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Watch The Daily Show definitively prove that corporations are not people
Jon Stewart rails against the ease with which big business pays for its crimes. Samantha Bee gets naked.

On Wednesday night's Daily Show, Jon Stewart and his team struggled with how to make people pay attention to corporate malfeasance. Not surprisingly, they settled on comedy. Stewart framed his part by showing that corporations are not, as Mitt Romney claimed (and the Supreme Court has endorsed), people. Samantha Bee, for her part, got naked.

Stewart started by revisiting the relative slaps on the wrist Wall Street banks have received for knowingly selling hundreds of thousands of sketchy mortgages. He has talked about this before — as well as the not-exactly-adversarial role cable business-news networks take in covering (or not covering) these settlements.

This time, Stewart summed up the fines these banks are paying for their lucrative wrongdoing in his best Brooklyn mobster voice: "I'm sorry I committed systemic fraud for 10 years. How about I give you a cut of it?" The mantra in white-collar banking, he added, is "Don't do the crime if you can't pay the nominal fine."

But banks aren't the only bad actors in the corporate world. Stewart pointed out a recent $2 billion fine Johnson & Johnson paid to settle charges they bribed doctors to prescribe useless drugs to the elderly, the disabled, and infants — "You're not even allowed to do that in Grand Theft Auto!" he protested.

Here's "the definitive proof" that corporations aren't people, Stewart concluded: Corporate executives avoid jail time for their fraud, money laundering, and "bribe-enabled placebo baby-drugging" by simply paying back a portion of their "ill-gotten gains." People get busted on a regular basis for no reason at all.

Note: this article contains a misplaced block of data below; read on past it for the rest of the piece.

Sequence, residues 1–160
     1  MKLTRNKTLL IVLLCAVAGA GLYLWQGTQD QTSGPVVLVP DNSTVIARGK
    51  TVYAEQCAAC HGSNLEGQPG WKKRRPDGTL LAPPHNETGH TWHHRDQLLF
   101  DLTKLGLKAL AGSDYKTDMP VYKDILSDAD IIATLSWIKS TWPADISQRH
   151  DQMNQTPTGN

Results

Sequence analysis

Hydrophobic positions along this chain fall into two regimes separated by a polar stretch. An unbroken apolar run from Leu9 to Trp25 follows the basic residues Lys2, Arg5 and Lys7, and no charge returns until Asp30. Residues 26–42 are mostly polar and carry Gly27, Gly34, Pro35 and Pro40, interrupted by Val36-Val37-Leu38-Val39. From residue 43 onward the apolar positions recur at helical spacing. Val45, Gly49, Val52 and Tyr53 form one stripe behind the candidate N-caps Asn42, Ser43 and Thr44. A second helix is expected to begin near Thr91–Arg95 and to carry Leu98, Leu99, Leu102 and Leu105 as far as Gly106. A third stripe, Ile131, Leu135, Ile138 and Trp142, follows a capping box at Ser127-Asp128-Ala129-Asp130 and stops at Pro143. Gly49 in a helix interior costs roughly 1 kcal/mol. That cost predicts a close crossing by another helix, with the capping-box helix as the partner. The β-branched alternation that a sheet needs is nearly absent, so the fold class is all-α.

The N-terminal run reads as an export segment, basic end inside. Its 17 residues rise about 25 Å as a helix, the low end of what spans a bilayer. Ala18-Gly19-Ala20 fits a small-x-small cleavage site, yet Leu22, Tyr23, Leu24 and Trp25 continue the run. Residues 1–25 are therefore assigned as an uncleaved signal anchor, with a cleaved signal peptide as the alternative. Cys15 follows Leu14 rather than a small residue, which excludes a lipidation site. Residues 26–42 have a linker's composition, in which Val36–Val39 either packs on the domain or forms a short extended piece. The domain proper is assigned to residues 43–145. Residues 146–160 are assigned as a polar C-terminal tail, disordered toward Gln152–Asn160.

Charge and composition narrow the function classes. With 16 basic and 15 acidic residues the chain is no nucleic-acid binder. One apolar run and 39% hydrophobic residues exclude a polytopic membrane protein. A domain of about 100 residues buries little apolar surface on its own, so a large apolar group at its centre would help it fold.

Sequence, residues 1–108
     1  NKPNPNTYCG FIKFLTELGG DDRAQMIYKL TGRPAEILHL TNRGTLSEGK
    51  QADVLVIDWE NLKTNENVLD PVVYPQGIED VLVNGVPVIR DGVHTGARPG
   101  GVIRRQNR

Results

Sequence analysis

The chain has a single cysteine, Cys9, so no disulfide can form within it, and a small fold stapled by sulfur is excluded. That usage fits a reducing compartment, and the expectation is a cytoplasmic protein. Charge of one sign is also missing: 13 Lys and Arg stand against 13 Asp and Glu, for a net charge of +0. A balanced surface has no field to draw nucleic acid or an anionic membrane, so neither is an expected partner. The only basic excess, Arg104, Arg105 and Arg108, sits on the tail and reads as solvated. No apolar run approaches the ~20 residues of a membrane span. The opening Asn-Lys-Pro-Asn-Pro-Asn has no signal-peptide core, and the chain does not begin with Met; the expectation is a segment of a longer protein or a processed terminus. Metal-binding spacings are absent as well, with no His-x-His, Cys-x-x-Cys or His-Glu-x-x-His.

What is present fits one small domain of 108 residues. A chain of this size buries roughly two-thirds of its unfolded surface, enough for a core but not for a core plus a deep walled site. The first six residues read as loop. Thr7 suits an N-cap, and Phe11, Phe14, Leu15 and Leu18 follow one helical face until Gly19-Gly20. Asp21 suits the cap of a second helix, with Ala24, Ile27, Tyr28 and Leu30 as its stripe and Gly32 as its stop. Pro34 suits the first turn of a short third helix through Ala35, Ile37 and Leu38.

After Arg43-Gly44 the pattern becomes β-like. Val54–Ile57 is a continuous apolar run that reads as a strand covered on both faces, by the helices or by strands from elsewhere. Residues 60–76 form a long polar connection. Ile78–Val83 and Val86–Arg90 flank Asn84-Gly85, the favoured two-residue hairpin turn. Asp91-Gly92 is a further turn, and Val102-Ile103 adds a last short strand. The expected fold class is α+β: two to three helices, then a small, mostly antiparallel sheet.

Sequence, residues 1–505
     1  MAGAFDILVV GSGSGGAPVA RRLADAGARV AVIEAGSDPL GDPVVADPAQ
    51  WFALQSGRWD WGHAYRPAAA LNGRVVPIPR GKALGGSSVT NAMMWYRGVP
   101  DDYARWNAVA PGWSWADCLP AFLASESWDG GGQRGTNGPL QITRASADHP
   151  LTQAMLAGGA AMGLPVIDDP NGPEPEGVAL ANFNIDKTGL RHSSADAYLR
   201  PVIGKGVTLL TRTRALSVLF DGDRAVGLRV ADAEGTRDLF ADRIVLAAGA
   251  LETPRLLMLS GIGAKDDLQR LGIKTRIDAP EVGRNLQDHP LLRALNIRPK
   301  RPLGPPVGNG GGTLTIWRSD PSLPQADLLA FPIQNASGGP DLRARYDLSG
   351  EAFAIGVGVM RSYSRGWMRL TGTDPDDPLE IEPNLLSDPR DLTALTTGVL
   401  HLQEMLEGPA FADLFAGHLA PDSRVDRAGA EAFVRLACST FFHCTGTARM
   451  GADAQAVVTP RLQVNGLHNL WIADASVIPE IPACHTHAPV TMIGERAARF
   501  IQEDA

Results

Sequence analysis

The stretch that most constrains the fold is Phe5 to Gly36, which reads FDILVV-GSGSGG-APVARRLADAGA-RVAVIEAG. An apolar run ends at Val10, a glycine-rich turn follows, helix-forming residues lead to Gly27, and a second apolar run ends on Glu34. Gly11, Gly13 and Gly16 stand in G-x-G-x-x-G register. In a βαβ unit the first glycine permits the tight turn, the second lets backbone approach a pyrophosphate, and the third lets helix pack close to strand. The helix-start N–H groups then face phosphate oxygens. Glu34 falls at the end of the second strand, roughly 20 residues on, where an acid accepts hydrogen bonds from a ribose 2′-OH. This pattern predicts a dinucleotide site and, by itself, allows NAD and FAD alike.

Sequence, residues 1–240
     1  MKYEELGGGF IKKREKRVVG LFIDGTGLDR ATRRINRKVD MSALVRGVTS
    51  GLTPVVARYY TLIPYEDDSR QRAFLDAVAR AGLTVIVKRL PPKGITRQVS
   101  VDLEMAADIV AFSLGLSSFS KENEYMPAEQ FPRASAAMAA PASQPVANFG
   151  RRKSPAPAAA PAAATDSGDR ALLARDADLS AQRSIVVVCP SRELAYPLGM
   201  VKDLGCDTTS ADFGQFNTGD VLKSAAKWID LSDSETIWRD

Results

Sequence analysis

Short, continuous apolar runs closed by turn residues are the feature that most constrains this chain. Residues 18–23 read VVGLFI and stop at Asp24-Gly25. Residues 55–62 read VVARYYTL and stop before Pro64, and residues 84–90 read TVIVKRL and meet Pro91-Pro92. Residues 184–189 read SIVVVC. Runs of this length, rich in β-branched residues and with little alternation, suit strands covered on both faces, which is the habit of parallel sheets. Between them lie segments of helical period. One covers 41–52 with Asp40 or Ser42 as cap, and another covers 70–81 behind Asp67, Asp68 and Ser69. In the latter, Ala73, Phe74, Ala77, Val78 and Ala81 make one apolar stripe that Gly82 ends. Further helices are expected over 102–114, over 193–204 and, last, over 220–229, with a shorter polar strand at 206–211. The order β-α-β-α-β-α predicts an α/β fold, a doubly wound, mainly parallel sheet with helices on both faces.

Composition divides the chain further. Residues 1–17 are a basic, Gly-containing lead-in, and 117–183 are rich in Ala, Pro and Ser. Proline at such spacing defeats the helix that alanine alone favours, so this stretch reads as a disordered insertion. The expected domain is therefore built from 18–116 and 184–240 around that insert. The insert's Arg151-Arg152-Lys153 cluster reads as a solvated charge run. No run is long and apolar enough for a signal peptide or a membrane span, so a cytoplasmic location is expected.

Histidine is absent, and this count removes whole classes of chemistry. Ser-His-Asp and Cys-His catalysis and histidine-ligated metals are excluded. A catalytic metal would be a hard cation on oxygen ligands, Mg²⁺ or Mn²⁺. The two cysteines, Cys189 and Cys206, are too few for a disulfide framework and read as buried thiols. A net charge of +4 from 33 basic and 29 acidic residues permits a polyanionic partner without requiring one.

That's Jon Stewart, moral crusader.

In the second part of the show he brought out Samantha Bee to look more explicitly at why these corporate crimes aren't, well, news. Their test case was a Bloomberg News scoop about private-equity firm Blackstone and a deal it cut with European betting-parlor operator Codere. Blackstone bought a credit default swap that would pay them if Codere defaulted on a loan, then lent $100 million to Codere on the condition it trigger the default.

The deal is pretty shady. But it is also, Stewart noted, perfectly legal. And, Bee added, it was covered by exactly zero financial news networks.

To find out why, Bee interviewed financial journalist Gretchen Morgenson at The New York Times. Morgenson explained that there's a rule of thumb at the financial news networks that if you can't explain a story in 10 seconds, you don't cover it — then added that she didn't cover it herself because she and her New York Times colleagues are "busier than a one-armed paper hanger covering the miscreants" on Wall Street when they identify themselves.

This is where the fun starts. Bee, on her crusade to make the Blackstone-Codere deal front-page news, visited the offices of "the pros" at BuzzFeed, tried to make a viral video with kittens, roped in an NY1 weatherman, and finally channeled Miley Cyrus. It is something to behold. CNBC and Fox Business Network could learn a thing or two. Watch:

Peter Weber is a senior editor at TheWeek.com, and has handled the editorial night shift since 2008. A graduate of Northwestern University, Peter has worked at Facts on File and The New York Times Magazine. He speaks Spanish and Italian, and plays in an Austin rock band.

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